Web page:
New Zealand Olympic legend Mark Todd has achieved almost all he can in his sport, but he is still hungry for more success after being officially confirmed in the eventing team for London.
Todd, along with eventing team-mate Andrew Nicholson, will make New Zealand Olympic history as he competes at his seventh Olympic games.
Speaking to ONE News from Berkshire, England, the 56-year-old admitted he'd surprised himself with his longevity in the sport.
"When I first started off it was great to get to my first Olympics, that was in Los Angeles, I never in my wildest dreams imagined that I'd still be doing it all these years later," Todd said.
"I'm very fortunate that I've had the backing, I've got the horses and I'm fit enough to be able to go to yet another one."
The 28 years of Olympic competition have been fruitful for Todd, with four medals to his name, including two golds, making him one of the country's most successful Olympians.
After returning to the Olympic fold in Beijing and producing an impressive win at the Badminton Horse Trials last year, Todd said he is keen to add to that medal tally.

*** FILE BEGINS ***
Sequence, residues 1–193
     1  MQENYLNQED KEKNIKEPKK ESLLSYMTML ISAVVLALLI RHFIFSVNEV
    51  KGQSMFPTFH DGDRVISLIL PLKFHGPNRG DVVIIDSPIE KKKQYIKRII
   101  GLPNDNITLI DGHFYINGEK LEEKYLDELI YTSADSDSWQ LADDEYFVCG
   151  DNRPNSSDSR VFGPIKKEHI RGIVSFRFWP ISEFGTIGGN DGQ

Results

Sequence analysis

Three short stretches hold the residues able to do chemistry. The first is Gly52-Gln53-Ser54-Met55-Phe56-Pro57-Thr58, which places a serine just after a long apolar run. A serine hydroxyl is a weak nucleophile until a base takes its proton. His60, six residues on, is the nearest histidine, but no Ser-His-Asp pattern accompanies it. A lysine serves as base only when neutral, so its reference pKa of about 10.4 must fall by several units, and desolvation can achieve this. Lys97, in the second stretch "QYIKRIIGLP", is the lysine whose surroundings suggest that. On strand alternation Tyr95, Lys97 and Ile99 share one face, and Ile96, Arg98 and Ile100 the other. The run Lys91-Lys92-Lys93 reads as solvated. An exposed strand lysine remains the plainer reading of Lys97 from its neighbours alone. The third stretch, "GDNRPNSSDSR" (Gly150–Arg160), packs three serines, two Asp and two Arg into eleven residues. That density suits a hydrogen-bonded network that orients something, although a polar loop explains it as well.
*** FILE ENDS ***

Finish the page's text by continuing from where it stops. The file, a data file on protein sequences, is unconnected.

"I'm only there for one thing and that's to try and win," he said.
"I had eight years off and I got re-enthused and re-energised by it and I'm as hungry now as I ever was. I don't feel any different to how I did 20 years ago.
"I'm really happy with my form leading into it, I'm happy with my horse, we've got a great team and we've got everything to look forward to."
Todd has had to overcome some difficulty on his way to qualifying for London with the horse he rode to a win at Badminton ruled out, forcing him to qualify on a second horse, Campino.
"My number one horse Land Vision unfortunately had a recurring injury, but in a funny way this horse, I always thought I'd end up bringing him here.
"He's less experienced, but he's a young horse, he's very talented in all three phases and improving literally day by day and I think he can be competitive after the dressage, he's a good jumper and I'm really hopeful that he can go well."
And while it would be reasonable to expect that this year's games will be Todd's Olympic swansong, he is not prepared to write off a tilt at Rio in four years' time.
"Who knows?" Todd laughed. "I'll only be 60 for the next one."